In this talk, Dr. Bahng will highlight key insights from her new book published by Duke University Press. Her book traces the cultural production of futurity by juxtaposing the practices of speculative finance against those of speculative fiction. While financial speculation creates a future based on predicting and mitigating risk for wealthy elites, the wide range of speculative novels, comics, films, and narratives Bahng examines imagines alternative futures that envision the multiple possibilities that exist beyond capital’s reach. Whether presenting new spatial futures of the US-Mexico borderlands or inventing forms of kinship in Singapore in order to survive in an economy designed for the few, the varied texts Bahng analyzes illuminate how the futurity of speculative finance is experienced by those who find themselves mired in it. At the same time these displaced, undocumented, unbanked, and disavowed characters imagine alternative visions of the future that offer ways to bring forth new political economies, social structures, and subjectivities that exceed the framework of capitalism.
Aimee Bahng is author of Migrant Futures: Decolonizing Speculation in Financial Times (Duke University Press, 2018) and co-editor of the “Transpacific Futurities” special issue of Journal of Asian American Studies (2017). She has published articles on transnational Asian/American speculative fiction and financialization in Journal of American Studies (2015), Techno-Orientalism (Rutgers University Press, 2015), and MELUS: Multi-Ethnic Literatures of the U.S. (2008).Her second book project, Transpacific Ecologies, is currently underway, bringing decolonial, queer and feminist thought to bear on the environment, knowledge production, and dis/ability at the site of the Pacific Ocean, which has long served as a proving ground for scientific experimentation and biopolitical securitization.Bahng is also writing a number of articles about science fiction writer Octavia Butler, whose papers are held at the Huntington Library in San Marino. One essay, titled “Plasmodial Improprieties: Octavia E. Butler, Slime Molds, and Imagining a Femi-Queer Commons,” appears in the Queer Feminist Science Studies Reader (University of Washington Press, 2017). Bahng has also published an article co-authored by Reena Goldthree in Radical Teacher on “#BlackLivesMatter and Feminist Pedagogy.”Dedicated to collaborative intellectual production, Bahng is the recipient of innovative research and teaching fellowships from the Five College Women’s Studies Research Center, EnviroLab Asia, Dartmouth College and the University of California Humanities Research Institute. Her primary research areas include queer and feminist science and technology studies as well as transnational Asian/American and transpacific studies. She teaches courses that emphasize decolonial and intersectional approaches to gender and sexuality studies.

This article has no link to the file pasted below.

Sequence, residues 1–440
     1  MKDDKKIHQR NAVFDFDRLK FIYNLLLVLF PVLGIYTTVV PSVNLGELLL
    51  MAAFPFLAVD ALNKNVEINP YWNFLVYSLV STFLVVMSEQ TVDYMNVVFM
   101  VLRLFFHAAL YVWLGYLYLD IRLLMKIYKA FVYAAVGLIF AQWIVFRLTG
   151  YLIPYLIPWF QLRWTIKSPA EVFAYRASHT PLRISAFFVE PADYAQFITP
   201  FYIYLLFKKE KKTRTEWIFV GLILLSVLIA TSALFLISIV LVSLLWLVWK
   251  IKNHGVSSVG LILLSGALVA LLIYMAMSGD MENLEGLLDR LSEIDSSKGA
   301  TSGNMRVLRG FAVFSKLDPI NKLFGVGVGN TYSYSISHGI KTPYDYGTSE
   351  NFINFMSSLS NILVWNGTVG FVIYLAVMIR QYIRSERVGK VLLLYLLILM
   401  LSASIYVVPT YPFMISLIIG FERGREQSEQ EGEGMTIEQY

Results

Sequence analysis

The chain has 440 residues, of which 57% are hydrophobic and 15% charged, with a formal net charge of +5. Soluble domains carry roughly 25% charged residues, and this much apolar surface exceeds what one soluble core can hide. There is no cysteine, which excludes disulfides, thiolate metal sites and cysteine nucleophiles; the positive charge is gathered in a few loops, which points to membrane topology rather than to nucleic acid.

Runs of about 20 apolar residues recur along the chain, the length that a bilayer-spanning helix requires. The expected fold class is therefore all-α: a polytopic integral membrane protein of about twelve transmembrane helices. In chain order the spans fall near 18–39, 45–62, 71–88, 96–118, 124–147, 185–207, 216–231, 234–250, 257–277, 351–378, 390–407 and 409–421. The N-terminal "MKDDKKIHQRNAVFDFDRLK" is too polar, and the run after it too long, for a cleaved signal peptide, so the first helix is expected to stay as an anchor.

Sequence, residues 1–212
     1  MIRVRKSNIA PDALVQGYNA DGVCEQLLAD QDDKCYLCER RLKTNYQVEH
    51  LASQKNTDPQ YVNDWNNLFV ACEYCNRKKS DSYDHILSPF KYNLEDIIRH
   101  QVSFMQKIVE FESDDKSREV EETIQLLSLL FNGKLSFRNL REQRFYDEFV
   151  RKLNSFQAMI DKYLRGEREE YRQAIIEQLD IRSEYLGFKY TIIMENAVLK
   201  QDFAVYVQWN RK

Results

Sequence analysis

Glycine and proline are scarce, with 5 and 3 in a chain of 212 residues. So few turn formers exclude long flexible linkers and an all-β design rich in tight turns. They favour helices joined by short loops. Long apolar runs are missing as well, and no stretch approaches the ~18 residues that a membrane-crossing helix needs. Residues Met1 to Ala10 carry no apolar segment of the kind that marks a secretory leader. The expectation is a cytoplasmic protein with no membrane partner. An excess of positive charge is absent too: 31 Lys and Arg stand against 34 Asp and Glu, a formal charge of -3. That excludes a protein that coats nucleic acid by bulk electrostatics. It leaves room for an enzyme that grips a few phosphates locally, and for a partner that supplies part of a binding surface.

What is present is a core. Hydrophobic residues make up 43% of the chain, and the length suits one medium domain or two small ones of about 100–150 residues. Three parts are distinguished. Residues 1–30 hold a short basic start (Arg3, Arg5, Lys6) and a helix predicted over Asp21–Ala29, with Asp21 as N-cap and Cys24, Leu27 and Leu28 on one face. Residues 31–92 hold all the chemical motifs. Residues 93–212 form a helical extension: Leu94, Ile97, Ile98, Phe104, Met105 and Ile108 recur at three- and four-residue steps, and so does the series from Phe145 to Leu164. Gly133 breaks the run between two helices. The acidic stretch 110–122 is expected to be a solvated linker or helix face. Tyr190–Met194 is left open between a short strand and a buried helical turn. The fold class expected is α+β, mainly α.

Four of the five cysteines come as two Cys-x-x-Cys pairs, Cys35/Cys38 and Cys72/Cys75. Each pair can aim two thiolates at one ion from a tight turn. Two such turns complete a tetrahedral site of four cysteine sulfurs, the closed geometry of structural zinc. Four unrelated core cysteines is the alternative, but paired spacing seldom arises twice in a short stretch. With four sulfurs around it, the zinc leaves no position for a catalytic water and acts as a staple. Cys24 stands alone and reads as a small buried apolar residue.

Sponsored by the Asian/Asian American Studies Program (GIC), Literature Program (English), Women's, Gender, and Sexuality Studies Program (GIC)